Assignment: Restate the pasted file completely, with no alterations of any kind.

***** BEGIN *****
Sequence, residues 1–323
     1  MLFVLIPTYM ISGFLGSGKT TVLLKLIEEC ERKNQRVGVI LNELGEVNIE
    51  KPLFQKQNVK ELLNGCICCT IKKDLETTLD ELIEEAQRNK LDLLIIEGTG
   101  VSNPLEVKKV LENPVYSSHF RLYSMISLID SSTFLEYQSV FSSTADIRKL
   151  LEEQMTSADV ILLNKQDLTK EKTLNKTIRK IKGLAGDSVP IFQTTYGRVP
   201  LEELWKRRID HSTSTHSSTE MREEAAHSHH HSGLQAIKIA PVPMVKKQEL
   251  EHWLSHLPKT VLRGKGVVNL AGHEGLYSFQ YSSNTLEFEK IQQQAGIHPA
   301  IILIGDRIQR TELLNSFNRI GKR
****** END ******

Sequence, residues 1–323
     1  MLFVLIPTYM ISGFLGSGKT TVLLKLIEEC ERKNQRVGVI LNELGEVNIE
    51  KPLFQKQNVK ELLNGCICCT IKKDLETTLD ELIEEAQRNK LDLLIIEGTG
   101  VSNPLEVKKV LENPVYSSHF RLYSMISLID SSTFLEYQSV FSSTADIRKL
   151  LEEQMTSADV ILLNKQDLTK EKTLNKTIRK IKGLAGDSVP IFQTTYGRVP
   201  LEELWKRRID HSTSTHSSTE MREEAAHSHH HSGLQAIKIA PVPMVKKQEL
   251  EHWLSHLPKT VLRGKGVVNL AGHEGLYSFQ YSSNTLEFEK IQQQAGIHPA
   301  IILIGDRIQR TELLNSFNRI GKR